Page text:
SAN JOSE, California--At the company's Site Builder conference today, Microsoft (MSFT) chairman Bill Gates stressed that one of Microsoft's top priorities in 1997 is "zero-administration" computing, but he also didn't miss a chance to take a few swipes at rivals who are pushing a similar strategy based on network computers.
Gates acknowledged that the cost of administering PCs in corporations is too high and that Microsoft must work harder to cut that cost to nearly zero. "The whole idea of zero-administration clients has taken as important a place as the Internet did last year," Gates told attendees, referring to Microsoft's overall corporate goals.
But Gates is anxious to differentiate his goal from the push to abandon regular desktop PCs for "thin clients" or network computers, an idea being promoted by Oracle, Sun Microsystems, and Netscape Communications. Proponents of the NC say current yearly administration costs for a single PC can mount to $10,000.
But Gates argues that he can bring down this figure without abandoning the benefits of having a full-fledged PC with a hard disk, powerful processors, and feature-filled operating systems. One way to help this will be achieved is through upcoming upgrades of Windows NT and Windows 95 that will facilitate automatic system updates by mirroring users' directories on a server.
"We like PCs," Gates jibed. "That's the difference between us and them. To us, zero administration means everything is compatible, no new servers, no new hardware, unlike the world they come from. As an aside, it's interesting to see Sun, which sells the most overpriced systems of anyone, pushing for NCs."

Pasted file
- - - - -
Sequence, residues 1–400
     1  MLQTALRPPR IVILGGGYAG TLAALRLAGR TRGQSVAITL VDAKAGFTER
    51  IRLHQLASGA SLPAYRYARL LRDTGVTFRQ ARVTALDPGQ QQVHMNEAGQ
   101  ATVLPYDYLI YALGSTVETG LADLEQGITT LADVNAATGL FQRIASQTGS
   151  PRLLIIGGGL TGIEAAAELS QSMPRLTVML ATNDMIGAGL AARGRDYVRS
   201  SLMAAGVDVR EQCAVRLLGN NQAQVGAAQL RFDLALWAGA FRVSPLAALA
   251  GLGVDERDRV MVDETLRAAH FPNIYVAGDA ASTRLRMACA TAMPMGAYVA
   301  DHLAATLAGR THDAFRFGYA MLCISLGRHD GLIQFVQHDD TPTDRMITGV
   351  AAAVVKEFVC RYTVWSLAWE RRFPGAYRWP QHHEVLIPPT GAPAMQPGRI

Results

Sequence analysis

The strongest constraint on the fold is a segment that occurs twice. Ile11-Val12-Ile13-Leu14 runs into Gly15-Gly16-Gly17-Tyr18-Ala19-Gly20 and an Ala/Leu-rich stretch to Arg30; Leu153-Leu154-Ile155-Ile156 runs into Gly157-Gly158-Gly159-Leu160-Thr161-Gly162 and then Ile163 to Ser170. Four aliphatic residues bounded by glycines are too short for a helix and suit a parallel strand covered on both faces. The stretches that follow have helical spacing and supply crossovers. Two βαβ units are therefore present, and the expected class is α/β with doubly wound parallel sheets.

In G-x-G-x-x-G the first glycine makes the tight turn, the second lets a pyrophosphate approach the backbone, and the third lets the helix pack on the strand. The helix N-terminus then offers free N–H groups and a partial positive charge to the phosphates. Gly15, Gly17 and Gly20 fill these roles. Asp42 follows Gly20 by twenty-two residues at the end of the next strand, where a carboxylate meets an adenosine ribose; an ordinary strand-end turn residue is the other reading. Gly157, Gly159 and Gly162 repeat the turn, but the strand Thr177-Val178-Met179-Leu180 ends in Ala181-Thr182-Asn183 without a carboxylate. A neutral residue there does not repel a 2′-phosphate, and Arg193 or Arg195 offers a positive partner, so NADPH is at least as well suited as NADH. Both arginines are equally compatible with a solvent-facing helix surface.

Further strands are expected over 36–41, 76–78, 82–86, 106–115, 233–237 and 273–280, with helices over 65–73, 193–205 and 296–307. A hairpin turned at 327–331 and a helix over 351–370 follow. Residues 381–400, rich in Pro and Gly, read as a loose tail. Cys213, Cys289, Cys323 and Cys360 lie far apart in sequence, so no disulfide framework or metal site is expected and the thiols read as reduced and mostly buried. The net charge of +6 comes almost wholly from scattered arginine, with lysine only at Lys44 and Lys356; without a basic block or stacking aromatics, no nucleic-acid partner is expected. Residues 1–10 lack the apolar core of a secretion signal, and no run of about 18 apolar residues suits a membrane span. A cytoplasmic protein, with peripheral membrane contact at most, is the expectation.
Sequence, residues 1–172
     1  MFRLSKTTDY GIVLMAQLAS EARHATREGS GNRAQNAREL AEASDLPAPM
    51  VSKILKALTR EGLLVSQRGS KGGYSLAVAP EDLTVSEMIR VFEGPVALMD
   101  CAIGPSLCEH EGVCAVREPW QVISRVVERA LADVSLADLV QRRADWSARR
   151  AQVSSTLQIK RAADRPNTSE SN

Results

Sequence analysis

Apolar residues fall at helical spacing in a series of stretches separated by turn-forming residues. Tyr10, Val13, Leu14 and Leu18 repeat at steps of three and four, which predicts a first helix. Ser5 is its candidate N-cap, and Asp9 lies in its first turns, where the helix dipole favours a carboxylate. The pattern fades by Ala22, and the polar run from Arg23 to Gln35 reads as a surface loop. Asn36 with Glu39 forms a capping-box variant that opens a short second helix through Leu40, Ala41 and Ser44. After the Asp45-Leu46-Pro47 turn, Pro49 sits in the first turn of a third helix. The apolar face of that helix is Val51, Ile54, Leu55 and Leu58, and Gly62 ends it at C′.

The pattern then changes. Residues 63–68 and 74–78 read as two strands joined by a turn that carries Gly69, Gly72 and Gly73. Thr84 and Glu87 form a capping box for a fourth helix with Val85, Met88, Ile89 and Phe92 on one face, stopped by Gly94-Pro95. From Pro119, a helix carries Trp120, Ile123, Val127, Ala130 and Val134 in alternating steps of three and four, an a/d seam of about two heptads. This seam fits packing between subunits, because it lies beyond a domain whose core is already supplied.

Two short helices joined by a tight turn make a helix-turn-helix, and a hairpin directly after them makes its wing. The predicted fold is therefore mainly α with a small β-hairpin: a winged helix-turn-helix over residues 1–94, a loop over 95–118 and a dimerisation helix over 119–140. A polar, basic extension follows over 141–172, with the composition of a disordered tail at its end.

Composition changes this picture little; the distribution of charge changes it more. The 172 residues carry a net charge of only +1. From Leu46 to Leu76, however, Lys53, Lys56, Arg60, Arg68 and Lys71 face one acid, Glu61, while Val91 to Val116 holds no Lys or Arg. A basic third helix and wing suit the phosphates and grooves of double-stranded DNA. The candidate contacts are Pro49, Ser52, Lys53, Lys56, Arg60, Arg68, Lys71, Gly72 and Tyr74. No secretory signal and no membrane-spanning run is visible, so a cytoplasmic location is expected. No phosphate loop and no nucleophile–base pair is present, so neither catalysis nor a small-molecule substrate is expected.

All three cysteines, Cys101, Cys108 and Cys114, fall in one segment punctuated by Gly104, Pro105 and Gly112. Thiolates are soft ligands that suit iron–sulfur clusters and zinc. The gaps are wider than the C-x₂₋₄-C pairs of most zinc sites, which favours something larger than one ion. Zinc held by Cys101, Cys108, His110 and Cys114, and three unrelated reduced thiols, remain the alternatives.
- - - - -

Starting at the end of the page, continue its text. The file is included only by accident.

As part of his counterpoint, Gates also promoted Microsoft's "NetPC" initiative, launched this week in partnership with Intel. The NetPCs are Microsoft's answer to NCs because they are cheaper, simpler, and easier to maintain, but unlike NCs, will be designed to maintain compatability with PCs so that information can be exchanged between the two.
"In most cases, NetPCs will still have a hard drive but just as a cache. We think it's worth the extra $200 in cost, but we will support diskless NetPCs," Gates said.
Separately, Gates also today outlined several features coming up in Microsoft software due to ship in 1997 and offered his
advice to developers about how to plan for the future:
--Developers must deal with a mix of Windows NT and Windows 95 operating systems running in corporations for the next three years, even though NT will dominate in new hardware sales to corporations.
--In three to ten years, computers will listen, talk, see, and learn about their users. "Ten years from now, a huge part of the operating system will be for natural interactions," Gates predicted.
--Running a common Microsoft operating system on both client and server will allow software developers to write code once and let the system decide whether it should run on the client or the server.